How Can I Store Fermented Items?

Once ready, I put the lacto-fermented pickles in the fridge, where they keep for a month or so. They might keep longer; I don’t know because my teenagers and I really like them and eat them quickly.

Fermentation Jars

Because I make sauerkraut in the fall, and because I make large quantities, I put it in my root cellar. Some people can sauerkraut; I don’t because the heat from canning kills a lot of the beneficial bacteria. I just keep it cool. My root cellar starts dropping below 55 in October most years and doesn’t rise above till May or so. In November, it’s usually at or below 50, so it’s like having a slightly warm fridge. I have kept sauerkraut in the cellar for three months without any ill effect; as mentioned above, fermentation stops below about 60 degrees, and once fermented, the sauerkraut is acidic enough that it’s not vulnerable to many spoilage organisms.

Fermented Beverages

Fermented beverages are another way to enjoy the health benefits of lactobacilli. I have a few friends that brew kombucha, which is tasty and healthy. This summer, I started brewing kvass, a Russian beverage made using stale bread.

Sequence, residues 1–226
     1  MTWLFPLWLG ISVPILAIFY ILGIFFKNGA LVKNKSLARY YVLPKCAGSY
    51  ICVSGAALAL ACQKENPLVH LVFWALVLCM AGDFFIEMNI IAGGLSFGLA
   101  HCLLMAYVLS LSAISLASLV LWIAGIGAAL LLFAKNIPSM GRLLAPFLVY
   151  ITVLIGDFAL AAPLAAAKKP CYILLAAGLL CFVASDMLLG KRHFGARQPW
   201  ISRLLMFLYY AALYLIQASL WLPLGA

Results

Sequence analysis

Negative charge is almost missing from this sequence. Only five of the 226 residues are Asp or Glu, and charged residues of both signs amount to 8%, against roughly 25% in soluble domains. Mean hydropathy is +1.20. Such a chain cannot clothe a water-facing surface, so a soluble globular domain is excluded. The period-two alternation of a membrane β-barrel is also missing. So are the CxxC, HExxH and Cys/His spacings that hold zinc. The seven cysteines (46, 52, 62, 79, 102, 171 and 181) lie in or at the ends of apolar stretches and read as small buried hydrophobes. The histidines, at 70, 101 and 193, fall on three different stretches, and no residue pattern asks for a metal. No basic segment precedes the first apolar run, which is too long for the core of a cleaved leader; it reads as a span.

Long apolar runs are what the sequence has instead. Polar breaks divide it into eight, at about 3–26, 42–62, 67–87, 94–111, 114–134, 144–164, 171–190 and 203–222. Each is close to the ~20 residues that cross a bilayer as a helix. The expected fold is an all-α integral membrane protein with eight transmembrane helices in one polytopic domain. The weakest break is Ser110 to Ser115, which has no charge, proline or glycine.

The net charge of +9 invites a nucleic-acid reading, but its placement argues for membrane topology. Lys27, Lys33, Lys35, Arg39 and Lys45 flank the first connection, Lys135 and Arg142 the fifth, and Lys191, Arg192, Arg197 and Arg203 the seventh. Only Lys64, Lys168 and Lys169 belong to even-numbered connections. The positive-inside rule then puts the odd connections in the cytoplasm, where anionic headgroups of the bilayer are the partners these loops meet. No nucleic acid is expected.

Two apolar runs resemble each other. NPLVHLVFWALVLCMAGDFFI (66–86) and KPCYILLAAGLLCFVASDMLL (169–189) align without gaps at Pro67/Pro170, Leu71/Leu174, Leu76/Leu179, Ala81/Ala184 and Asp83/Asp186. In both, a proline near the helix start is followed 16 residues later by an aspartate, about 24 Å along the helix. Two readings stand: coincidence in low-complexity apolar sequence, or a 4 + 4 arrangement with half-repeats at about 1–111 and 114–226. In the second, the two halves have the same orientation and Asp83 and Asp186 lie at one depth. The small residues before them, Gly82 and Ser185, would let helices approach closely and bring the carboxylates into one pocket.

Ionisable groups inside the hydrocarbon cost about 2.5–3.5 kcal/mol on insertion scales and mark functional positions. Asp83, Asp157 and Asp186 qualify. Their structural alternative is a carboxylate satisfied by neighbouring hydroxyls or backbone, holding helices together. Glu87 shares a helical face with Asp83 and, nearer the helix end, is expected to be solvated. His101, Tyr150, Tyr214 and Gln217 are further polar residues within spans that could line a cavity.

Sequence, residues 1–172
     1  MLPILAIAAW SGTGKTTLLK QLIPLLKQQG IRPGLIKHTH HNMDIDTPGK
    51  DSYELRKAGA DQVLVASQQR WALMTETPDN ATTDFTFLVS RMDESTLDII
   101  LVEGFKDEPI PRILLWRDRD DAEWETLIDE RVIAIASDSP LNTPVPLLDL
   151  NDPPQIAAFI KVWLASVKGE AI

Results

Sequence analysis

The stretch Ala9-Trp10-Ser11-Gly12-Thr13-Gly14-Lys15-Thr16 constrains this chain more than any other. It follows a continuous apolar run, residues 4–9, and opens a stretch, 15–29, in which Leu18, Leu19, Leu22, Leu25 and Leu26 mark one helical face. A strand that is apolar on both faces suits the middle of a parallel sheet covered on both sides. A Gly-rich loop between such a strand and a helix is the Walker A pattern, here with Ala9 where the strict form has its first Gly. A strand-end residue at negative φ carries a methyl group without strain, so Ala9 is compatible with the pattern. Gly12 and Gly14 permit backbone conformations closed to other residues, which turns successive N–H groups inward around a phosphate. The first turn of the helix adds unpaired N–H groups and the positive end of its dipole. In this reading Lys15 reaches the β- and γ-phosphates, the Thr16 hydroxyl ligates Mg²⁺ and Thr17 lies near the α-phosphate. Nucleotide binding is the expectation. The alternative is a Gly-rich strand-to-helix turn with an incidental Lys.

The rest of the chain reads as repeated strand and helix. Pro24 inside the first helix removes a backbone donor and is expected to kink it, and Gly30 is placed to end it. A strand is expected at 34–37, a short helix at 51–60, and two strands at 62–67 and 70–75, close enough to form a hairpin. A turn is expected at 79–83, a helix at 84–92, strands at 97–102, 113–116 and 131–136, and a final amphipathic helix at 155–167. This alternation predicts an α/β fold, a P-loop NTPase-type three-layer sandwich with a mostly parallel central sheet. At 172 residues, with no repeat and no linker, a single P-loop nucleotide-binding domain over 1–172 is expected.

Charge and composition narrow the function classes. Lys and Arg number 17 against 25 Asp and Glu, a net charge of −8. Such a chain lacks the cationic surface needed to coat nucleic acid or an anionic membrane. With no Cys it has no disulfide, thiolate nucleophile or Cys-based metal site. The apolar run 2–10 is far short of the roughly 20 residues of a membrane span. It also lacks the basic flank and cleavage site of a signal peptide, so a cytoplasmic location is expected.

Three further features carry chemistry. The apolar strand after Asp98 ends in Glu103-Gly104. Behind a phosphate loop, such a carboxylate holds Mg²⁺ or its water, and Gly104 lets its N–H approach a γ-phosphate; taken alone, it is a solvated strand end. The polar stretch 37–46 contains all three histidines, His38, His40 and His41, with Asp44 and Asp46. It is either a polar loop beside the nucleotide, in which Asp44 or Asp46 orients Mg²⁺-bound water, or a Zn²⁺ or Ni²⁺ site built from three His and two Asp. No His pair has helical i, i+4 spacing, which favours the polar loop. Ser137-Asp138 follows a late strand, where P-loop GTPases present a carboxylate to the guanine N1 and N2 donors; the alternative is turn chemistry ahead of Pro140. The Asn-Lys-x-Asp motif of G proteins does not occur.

Kvass is really easy to make. My teenagers aren’t crazy about it because it’s not very sweet, but I love the sour tartness and the fact that I can make it with old bread, sourdough starter, and partly ripe apples that fell off my tree.

I almost always make sourdough bread, and I keep a gallon bag for ends and crust pieces that fall off the loaves. I live in a semi-arid environment, so I can just keep the bag partly open, and the bread dries out at room temperature; if you live in a humid environment, you might want to put them in the oven at 200 until they’re really rock hard if you want to keep them at room temperature. Otherwise, you’ll need to keep bread ends in the freezer.

When I have about 5 slices worth, I boil a half gallon of water. I place the bread in a large bowl, pour the water over the bread, add 2 tsp of salt, and wait for it to get to room temperature. Once it hits room temperature, I add half a cup or so of sourdough starter, cover it with a towel, and let it sit for two days in hot weather, three days if my house temperature is closer to 70.

After it has sat for a few days, I pour the mixture through a colander to remove big bread chunks (it’s not going to be perfect) and then pour it into a half-gallon jar. I add a couple of tablespoons of raisins and one or two apples, depending on their size, cut into large chunks. I always need to add a little water to fill the jar because the air in my environment is so dry that a fair bit evaporates while it’s sitting on my counter. Once the jar is filled, I put it in the fridge and wait until it’s ready. It usually takes a week or so.